In common parlance, competition in the market means sellers striving independently for buyers’ patronage to maximize profit (or other business objectives).A buyer prefers to buy a product at a price that maximizes his benefits whereas the seller prefers to sell the product at a price that maximizes his profit. Competition makes enterprises more efficient and offers wider choice to consumers at lower prices. This ensures optimum utilization of available resources. It also enhances consumer welfare since consumers can buy more of better quality products at lower prices.
Fair competition is beneficial for the consumers, producers / sellers and finally for the whole society since it induces economic growth. Whereas, the unfair competition means adoption of practices such as collusive price fixing, deliberate reduction in output in order to increase prices, creation of barriers to entry, allocation of markets, tie-up sale , predatory pricing and discriminatory pricing.
India has been very conscious about the competition in the market place and has been vigilant to frame laws curtailing monopolies and restrictive trade practices The Monopolies & Restrictive Trade Practices Act, 1969 is the first enactment to deal with competition issues and came into effect on 1st June 1970.
With the advent of liberalization in the economic policy and growth in the market, the Government of India reviewed the implementation of Monopolies & Restrictive Trade Practices Act, 1969 and finding it lacking in grip and teeth it formulated Competition Policy. Competition policy is defined as those Government measures that affect the behavior of enterprises and structure of the industry with the view to promote efficiency and maximize welfare.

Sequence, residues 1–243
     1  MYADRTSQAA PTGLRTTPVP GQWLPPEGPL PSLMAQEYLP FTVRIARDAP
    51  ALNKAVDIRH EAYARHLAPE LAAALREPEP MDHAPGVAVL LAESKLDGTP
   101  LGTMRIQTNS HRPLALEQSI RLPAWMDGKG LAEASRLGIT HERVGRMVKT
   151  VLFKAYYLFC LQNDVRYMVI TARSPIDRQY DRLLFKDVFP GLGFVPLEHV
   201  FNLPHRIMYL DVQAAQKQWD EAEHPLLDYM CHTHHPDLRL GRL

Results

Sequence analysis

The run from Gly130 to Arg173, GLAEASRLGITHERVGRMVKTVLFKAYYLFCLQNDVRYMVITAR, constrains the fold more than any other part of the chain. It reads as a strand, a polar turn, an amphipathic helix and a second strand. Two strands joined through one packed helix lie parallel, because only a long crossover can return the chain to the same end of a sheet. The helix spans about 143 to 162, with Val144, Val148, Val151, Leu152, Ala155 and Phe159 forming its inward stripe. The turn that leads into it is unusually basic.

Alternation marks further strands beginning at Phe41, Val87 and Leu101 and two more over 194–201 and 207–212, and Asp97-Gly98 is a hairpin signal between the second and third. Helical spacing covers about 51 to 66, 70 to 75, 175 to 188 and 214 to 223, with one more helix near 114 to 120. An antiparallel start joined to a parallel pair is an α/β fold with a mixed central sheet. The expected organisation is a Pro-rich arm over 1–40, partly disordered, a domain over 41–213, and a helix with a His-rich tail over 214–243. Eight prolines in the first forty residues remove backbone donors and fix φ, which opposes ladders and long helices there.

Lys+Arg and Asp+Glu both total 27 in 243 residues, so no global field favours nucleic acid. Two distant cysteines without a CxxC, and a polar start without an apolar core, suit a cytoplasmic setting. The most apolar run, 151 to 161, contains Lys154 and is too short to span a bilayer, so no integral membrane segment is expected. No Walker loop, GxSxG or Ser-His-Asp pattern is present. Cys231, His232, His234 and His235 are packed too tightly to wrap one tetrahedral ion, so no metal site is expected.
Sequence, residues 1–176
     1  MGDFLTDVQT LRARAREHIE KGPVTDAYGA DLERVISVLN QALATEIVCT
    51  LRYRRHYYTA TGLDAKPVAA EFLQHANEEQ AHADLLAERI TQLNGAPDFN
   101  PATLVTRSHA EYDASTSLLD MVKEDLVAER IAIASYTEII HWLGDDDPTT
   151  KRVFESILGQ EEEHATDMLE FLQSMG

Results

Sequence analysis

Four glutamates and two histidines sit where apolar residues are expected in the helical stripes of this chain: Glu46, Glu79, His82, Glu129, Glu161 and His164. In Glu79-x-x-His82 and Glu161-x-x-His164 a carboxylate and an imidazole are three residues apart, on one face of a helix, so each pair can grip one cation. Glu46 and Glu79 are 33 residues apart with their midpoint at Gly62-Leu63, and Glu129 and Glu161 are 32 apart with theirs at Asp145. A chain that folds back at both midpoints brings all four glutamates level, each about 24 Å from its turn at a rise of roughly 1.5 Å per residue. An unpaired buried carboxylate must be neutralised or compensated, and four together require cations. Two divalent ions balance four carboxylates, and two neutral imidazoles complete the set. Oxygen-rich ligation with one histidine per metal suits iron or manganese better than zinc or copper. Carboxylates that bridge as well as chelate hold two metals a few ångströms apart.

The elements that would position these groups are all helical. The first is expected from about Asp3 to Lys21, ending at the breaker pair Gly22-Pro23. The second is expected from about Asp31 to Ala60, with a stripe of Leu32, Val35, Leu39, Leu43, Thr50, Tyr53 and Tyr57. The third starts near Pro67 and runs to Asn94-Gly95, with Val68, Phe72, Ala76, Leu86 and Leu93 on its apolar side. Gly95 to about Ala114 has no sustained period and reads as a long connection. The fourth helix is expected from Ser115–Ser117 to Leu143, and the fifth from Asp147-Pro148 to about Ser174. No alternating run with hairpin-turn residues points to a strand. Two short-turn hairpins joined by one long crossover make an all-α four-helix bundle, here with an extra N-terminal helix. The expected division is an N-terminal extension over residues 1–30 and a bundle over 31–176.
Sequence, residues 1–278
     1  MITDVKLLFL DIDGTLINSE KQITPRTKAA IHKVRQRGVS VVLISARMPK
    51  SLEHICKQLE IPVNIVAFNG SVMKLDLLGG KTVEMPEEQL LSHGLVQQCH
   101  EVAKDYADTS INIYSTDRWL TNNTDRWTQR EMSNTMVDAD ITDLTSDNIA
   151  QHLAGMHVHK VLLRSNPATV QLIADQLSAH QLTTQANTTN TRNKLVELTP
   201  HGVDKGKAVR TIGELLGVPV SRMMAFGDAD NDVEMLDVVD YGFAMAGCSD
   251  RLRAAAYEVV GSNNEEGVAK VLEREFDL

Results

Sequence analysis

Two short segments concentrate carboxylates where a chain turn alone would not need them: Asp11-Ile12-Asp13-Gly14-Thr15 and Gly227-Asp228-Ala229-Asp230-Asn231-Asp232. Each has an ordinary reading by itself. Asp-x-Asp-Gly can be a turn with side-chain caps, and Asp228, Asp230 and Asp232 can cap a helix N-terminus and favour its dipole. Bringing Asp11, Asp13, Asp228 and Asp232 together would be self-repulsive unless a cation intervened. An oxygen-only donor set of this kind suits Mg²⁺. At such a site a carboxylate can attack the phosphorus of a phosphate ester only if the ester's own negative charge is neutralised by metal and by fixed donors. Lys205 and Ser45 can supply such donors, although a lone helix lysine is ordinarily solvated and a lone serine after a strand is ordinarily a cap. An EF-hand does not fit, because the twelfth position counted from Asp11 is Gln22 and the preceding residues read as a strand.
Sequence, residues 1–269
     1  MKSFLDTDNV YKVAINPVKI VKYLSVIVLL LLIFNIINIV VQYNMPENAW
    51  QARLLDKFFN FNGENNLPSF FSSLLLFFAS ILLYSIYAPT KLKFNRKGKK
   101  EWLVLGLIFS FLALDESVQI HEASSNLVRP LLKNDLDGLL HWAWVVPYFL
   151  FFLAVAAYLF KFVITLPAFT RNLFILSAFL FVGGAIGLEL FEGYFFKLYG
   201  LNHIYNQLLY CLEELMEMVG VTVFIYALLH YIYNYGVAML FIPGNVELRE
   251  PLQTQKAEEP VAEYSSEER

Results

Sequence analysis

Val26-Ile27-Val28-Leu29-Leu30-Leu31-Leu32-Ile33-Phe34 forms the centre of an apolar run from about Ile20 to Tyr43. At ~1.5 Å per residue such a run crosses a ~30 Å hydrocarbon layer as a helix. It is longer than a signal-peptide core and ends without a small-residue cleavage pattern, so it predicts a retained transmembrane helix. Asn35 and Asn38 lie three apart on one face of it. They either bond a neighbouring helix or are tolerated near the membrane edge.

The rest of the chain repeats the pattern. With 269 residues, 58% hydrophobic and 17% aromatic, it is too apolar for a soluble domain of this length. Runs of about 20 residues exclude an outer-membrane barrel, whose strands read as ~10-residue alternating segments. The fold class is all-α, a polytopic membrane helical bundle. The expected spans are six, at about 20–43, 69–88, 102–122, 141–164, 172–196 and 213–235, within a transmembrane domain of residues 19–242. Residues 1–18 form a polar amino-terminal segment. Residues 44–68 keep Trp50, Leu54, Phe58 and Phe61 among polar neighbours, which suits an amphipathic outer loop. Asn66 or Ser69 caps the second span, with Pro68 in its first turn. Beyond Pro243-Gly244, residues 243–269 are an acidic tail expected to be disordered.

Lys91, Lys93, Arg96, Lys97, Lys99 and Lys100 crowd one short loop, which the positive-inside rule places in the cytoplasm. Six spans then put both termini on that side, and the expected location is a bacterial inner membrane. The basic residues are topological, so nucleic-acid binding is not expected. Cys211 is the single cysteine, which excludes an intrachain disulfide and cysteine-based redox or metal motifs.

There are two elements of competition policy: First, a set of policies, such as liberalized trade policy, relaxed FDI policy, de-regulation, etc., that enhance competition in the markets. Second, legislation to prevent anti-competitive practices with minimal government intervention
The Government had appointed a committee in October 1999 to examine the existing MRTP Act for shifting the focus of the law from curbing monopolies to promoting competition and to suggest a modern competition law. Pursuant to the recommendations of this committee, the Competition Act, 2002, was enacted on 13th January 2003. The objectives of the Competition Act are to prevent anti-competitive practices, promote and sustain competition, protect the interests of the consumers and ensure freedom of trade. This Act provides for different notifications for making different provisions of the Act effective including repeal of MRTP Act and dissolution of the MRTP Commission
The objective of the Act is to eliminate the abuse of dominance through an anti competitive trade agreements. Here dominance refers to a position of strength which enables a dominant firm to operate independently of competitive forces or to affect its competitors or consumers or the market in its favor. Abuse of dominant position impedes fair competition between firms, exploits consumers and makes it difficult for the other players to compete with the dominant undertaking on merit. Abuse of dominant position includes imposing unfair conditions or price, predatory pricing, limiting production/market, creating barriers to entry and applying dissimilar conditions to similar transactions. An agreement includes any arrangement, understanding or concerted action entered into between parties. It need not be in writing or formal or intended to be enforceable in law. An anti-competitive agreement is an agreement having appreciable adverse effect on competition. Anti-competitive agreements include,
o agreement to fix price
o bid rigging or collusive bidding
o conditional purchase/sale (tie-in arrangement)
o exclusive supply/distribution arrangement
o agreement to limit production & supply